Ray Kroc certainly didn’t see himself as a bad man—but then, very few bad people do. And in a socioeconomic system that pits private interest against private interest, what’s bad is always changing (or at the very least negotiable). The Founder details Kroc’s remorseless rise from traveling milk-shake machine salesman to CEO of the McDonald’s Corporation by laying bare the innermost workings of business in the United States. Usually, these specifics are glossed over with platitudes about pulling up your bootstraps; this film’s framing speeches emphasize “persistence” over intelligence and other advantages in life. Never adopting a smug or satirical edge—a welcome break from the dominant mode of liberal deconstruction practiced by The Daily Show, Full Frontal, and Last Week Tonight—John Lee Hancock’s vision of empire-building is banal and functional, a perfect mimesis of fast food. This isn’t Marx’s The Eighteenth Brumaire of Louis Napoleon, but it’s certainly the most persuasive anti-capitalist film produced by the Weinstein indie film assembly line.
First glimpsed pitching a Midwestern drive-in owner on a multi-mixer (arguing that his demand for shakes would be higher if he could supply more), Kroc (Michael Keaton) drives cross-country to San Bernardino after the McDonald brothers order eight of his machines. Seeing how Kroc is instantly seduced by the future of consumption their burger stand foretells, deadpan Dick (Nick Offerman) and jovial Mac (John Carroll Lynch) McDonald explain the Fordian genius of their “Speedee Service System” to Kroc over dinner: a building laid out to allow for the greatest flow for cooking and assembling food, paper wrapping to save on plate costs, and standardization of all menu items (each burger gets two pickles and the same amount of ketchup, etc.). Kroc begs to become their franchising agent, insisting that he’ll maintain their high standards for quality and cleanliness. After some hemming and hawing, the brothers agree to the partnership, provided that Kroc give them final approval on any and all changes.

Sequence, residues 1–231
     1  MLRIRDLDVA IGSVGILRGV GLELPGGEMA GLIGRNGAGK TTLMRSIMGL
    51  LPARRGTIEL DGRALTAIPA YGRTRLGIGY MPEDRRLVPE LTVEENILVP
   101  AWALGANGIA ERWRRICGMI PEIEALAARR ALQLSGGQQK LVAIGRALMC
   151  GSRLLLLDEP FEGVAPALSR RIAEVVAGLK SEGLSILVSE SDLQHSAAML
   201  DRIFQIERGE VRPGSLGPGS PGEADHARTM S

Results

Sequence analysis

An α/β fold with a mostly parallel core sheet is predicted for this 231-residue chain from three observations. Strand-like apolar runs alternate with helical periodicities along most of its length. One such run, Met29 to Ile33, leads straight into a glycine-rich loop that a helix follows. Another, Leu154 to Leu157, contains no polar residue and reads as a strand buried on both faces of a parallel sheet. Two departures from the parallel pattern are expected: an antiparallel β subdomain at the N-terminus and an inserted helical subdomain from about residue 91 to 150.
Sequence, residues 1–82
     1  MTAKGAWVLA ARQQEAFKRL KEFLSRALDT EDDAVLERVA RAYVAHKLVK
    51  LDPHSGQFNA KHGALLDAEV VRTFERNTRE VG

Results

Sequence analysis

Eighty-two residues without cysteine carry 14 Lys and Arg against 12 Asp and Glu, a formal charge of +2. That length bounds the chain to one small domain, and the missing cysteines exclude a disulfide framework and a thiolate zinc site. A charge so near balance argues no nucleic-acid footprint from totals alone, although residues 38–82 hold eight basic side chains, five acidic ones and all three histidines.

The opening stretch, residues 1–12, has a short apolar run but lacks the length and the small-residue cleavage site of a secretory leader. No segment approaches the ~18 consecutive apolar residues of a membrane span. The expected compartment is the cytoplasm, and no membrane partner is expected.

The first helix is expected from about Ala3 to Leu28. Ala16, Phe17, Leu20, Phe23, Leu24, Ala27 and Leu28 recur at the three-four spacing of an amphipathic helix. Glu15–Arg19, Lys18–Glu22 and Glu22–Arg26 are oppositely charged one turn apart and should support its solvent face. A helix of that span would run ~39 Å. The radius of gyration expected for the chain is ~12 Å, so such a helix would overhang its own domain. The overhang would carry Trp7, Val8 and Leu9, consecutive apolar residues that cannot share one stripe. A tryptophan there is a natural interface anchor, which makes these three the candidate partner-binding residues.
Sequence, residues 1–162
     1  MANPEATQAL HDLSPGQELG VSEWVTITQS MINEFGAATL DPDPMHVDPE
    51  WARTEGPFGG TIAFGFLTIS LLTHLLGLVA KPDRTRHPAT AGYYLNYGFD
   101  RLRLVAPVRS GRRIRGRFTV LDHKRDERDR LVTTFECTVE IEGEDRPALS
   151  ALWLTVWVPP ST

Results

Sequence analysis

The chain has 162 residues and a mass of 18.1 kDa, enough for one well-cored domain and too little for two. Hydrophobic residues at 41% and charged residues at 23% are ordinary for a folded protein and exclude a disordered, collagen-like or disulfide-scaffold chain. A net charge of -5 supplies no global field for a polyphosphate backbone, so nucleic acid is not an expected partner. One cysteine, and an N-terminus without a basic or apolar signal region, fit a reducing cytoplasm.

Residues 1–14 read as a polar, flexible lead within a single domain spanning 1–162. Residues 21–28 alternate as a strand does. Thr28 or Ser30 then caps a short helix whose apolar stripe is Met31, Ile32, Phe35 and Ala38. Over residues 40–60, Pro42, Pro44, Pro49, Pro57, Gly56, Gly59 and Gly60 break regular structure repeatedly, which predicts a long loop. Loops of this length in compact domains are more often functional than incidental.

This sets into motion a series of events, all undertaken in the name of greater profits, which eventually leads to the brothers being cut out of the corporation that bears their name. In a scene that edges dangerously close to a Bond villain laying out his master plan for world domination at the end, Kroc tells Dick how his own surname is too harshly Slavic to ever successfully launch a restaurant franchise—McDonald’s just sounds so wholesome. For most of the film, the brothers (and the audience) are totally in the dark about the way the world is turning, which is perhaps the most convincing argument for The Founder’s subversiveness: control in capitalism’s chaos is more often than not an illusion, and even the most ironclad contracts can be broken.
Aside from critiques of economic systems, what makes The Founder captivating are its male performances. (Laura Dern is sadly wasted as Kroc’s long-suffering first wife Ethel, who is less of a full-fledged human being than a glowering family portrait that’s magically come to life.) Keaton perfectly channels his live-wire energy into Kroc, a man who could make the introduction of wax lining into paper cups sound revolutionary while operating on only four hours of sleep. (Kroc’s memoir, aptly titled Grinding It Out, is brimming with such miniscule innovations filtered through his nattering “Bohemie” charm, which screenwriter Robert D. Siegel preserves.) Whenever Kroc poses for reporters’ cameras—the moments when he secures his legacy by convincingly passing off someone else’s vision and innovations as his own—Keaton exudes a ferocious cheerfulness that threatens to rip apart the screen. While giving the hard sell to perspective franchisees, emphasizing that McDonald’s is a family (or, when addressing a synagogue, mishpacha), Keaton doesn’t lapse into evoking a zippy evangelical preacher. Instead, selling is when you feel Kroc at his happiest—his life’s work is his life, which, as The Founder demonstrates, is actually a pretty sick way to be.